The email came via Facebook. It was written in impeccable Kurdish. A person calling himself Raperin Ekrat had signed it. The name, I soon found out, was an assumed one. It didn’t matter; I subscribe to the old adage, “Don’t judge a book by its cover,” and read it in its entirety.

Because I have discarded my Turkish name, I actually like it when other Kurds do the same. The action is a political one and seeks to correct a wrong that was imposed on us by our heartless masters. I don’t know who inspired the letter writer to use a pseudo name, but I can tell you about mine: Malcolm X.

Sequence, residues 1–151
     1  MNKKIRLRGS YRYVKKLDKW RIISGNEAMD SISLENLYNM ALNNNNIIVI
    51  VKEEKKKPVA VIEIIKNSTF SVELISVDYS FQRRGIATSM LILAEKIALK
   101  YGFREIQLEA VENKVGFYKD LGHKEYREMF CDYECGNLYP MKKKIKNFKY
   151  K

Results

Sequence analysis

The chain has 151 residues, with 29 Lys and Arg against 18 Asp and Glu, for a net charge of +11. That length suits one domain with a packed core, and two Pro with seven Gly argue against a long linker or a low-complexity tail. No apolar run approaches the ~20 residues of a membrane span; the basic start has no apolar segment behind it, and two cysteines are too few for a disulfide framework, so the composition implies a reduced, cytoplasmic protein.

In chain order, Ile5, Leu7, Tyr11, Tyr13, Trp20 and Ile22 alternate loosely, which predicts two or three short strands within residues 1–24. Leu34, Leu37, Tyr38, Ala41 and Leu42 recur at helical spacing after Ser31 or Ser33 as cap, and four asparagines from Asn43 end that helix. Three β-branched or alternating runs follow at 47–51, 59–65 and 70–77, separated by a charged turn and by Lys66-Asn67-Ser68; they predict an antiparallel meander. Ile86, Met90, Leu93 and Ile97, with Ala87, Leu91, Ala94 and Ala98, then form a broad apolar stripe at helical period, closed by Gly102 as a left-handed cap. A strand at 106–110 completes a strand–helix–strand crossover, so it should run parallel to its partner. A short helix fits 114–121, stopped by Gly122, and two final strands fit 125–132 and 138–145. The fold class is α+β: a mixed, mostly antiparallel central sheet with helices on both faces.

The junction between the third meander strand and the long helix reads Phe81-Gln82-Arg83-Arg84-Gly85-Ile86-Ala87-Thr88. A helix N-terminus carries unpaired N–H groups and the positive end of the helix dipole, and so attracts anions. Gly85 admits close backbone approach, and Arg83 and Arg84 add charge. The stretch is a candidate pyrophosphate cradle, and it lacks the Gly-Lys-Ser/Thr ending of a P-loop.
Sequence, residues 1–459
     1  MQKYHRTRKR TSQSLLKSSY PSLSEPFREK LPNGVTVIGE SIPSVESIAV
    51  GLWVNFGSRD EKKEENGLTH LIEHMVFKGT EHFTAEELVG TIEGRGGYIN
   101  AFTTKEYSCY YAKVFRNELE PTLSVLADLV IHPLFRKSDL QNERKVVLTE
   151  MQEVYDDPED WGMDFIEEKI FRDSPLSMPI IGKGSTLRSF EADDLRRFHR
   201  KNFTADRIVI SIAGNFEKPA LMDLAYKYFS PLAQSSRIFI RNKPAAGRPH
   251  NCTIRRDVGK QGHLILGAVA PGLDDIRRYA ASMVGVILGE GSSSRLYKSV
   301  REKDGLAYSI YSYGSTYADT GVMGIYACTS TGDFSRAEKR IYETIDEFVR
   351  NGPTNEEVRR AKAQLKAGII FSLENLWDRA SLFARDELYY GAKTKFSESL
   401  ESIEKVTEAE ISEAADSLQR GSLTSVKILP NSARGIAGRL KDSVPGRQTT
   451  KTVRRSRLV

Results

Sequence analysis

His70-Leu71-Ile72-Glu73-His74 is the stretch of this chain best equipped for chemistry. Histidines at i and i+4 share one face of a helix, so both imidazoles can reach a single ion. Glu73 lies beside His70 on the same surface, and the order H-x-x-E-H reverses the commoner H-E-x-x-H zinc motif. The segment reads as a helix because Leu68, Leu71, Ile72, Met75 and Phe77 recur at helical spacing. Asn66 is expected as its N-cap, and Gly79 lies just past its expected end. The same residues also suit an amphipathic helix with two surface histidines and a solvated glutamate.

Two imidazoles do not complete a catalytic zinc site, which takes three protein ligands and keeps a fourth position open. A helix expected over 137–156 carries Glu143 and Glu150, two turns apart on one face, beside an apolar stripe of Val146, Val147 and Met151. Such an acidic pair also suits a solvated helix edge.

The black activist’s original name had been Malcolm Little. Educating and liberating himself in a prison—yes, you can free yourself even in a prison—he soon realized that “Little” was his only remaining tie with slavery. By throwing it away, he was practicing freedom. The children of captive nations would do well to study his example.

As to the content of Raperin’s letter, I expected it to be a request for help.


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